Legal Issues that arise in Animation
|August 29, 2013||Posted by Warren under Animation Talk, Top Tips by The QA Team|
Animation is classified as a form of visual communications by some and as a visual art, by others. Whichever label you give it, works of animation come under the law, making it important for animators and marketers to be aware of the legal issues that could arise.
Issue #1: Copyright and Ownership
Copyright is “the exclusive and assignable legal right, given to the originator for a fixed number of years, to print, publish, perform, film, or record literary, artistic, or musical material.”
- Oxford Dictionary
How Copyright Laws could affect You
Globally, copyright laws deal with a very basic, yet important issue – who owns the idea, characters, shapes, objects, graphics, images, music, scripts, illustrations and videos?
If you have created, designed, produced and edited an animation by yourself, for your own private purposes, then you own the copyright.
However, if a business or a professional has hired you to make an animation for them, then they own the copyright, unless stated otherwise.
While this seems simple enough to understand and follow, you would be surprised by the volume of cases out there that debate on which idea came from whom (i.e. the animator or the client) and who owns which component of the animation, etc.
A professional animation studio will clarify these factors – in a mutually-agreed and signed document- before even accepting a project, let alone working on it.
Issue #2: Trademarks and Branding
Trademarks and branding are synonymous terms, as both refer to giving your business a unique name and ethos that stands you apart from your competitors in the industry that your business belongs to.
Trademarks can be registered (e.g. ®) and unregistered (e.g. ™) and it is not compulsory to register your trademark.
Businesses with unregistered trademarks need to be aware that other businesses do not pass off as theirs.
For example, let’s say you are a business that designs bespoke software programs for companies to use in-house called ‘B2B Software’. You need to make sure that there are not any other businesses out there with a trading name that resembles ‘B2B Software’.
This problem can be resolved by registering your trademark and including the ® symbol on your products, packaging and marketing collateral (including any animations you use for this purpose).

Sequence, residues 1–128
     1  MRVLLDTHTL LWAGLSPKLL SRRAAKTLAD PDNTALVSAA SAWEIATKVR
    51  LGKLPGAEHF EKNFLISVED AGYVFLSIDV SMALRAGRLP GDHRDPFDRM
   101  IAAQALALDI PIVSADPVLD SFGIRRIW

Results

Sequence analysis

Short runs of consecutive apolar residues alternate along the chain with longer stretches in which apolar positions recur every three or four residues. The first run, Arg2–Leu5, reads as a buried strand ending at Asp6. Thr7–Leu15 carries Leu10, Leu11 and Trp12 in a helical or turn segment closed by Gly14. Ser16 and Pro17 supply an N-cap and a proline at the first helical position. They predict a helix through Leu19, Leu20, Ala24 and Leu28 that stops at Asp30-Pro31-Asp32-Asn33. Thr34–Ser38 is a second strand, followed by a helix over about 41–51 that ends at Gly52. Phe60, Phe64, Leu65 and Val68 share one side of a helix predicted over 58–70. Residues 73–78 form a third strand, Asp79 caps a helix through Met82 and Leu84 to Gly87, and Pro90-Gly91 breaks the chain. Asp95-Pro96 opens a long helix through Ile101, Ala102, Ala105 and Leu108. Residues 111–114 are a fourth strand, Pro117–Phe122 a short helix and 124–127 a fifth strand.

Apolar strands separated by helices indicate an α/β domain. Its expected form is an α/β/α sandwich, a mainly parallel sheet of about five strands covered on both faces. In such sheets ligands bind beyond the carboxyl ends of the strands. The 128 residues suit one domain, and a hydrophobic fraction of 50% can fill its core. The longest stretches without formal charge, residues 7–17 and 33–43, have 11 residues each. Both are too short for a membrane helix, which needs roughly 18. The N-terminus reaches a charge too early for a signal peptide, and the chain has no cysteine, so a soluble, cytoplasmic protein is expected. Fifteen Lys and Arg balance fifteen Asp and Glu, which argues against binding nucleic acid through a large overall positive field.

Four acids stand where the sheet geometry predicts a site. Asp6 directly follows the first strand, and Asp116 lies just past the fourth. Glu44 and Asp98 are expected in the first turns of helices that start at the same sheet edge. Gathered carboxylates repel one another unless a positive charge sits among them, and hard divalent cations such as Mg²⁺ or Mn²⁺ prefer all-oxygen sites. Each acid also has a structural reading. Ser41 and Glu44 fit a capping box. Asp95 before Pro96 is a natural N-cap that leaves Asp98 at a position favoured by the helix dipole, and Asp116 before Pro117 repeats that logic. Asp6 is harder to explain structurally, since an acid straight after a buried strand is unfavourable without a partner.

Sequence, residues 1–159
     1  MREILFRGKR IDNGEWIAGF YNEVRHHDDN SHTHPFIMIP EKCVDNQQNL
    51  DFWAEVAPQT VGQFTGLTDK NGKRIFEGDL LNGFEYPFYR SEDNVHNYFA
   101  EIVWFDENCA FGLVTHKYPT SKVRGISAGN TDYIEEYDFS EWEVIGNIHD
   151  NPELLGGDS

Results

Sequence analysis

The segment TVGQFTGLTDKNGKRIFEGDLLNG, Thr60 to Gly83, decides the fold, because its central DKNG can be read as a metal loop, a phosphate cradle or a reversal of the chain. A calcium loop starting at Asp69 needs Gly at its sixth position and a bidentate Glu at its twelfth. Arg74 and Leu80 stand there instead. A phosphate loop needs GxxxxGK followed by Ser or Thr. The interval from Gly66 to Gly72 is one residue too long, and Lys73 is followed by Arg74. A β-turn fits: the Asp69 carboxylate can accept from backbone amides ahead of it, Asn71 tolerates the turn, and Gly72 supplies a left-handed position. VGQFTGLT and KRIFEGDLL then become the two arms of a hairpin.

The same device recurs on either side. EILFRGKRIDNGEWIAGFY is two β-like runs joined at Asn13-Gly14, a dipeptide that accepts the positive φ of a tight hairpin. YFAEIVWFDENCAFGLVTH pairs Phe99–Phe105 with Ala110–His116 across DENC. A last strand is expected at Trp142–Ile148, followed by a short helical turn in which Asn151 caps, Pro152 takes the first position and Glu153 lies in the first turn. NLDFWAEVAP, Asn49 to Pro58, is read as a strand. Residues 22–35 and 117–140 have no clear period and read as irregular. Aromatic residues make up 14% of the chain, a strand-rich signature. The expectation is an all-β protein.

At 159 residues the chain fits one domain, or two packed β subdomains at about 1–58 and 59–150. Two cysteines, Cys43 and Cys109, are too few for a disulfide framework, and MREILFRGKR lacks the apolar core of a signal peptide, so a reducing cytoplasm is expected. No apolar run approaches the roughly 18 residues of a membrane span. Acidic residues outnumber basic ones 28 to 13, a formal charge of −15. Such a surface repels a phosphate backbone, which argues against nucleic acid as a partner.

Issue #3: Defamation and Causing Disrepute
When the reputation of an individual or an organisation is damaged – so much so that livelihoods are lost – then defamation has occurred.
Defamation comes in two forms:
i) Libel – i.e. written form of defamation, e.g. newspaper articles, internet posts and pages, videos, that leads the public to question the reputation of an individual or an organisation.
ii) Slander – i.e. oral or spoken form of defamation, e.g. verbal abuse, malicious falsehoods ( such as lies and conspiracies) that causes the public to lose faith in an individual or an organisation so much so that the parties concerned face damage to their livelihoods.
Animated feature programmes, like The Simpsons, Family Guy and South Park, have run into trouble sometimes because of some of the things the characters say.
There is a legal clause by the name of ‘Fair Comment’ which basically means that if what you said was honest and your own opinion, you could be relieved of all defamation charges made on you – provided you have the evidence that proves that you were being honest!
Ideally, you would avoid writing scripts that involved offending or damaging the reputation of your competitors. However, it is a tricky game.
For instance, if you look at advertisements that compare one brand of floor cleaner with another brand, you need to see how the comparisons are made without being defamatory.
In other words, if you say ‘We are better than X’ that’s alright.
However, if you say ‘We don’t have bugs in our bread, but X does!’ then you are entering defamatory territory here. How do you know that X has bugs in their bread? Even if they do have bugs in their bread, does that give you the right to use it as a way to advertise your own brand of bread?
A little deeper thinking by the audience would indicate that you are selling yourself short by pitting a flaw of a competitor as your USP, which could ultimately cause you losing customers too.
The post has been written by Warren.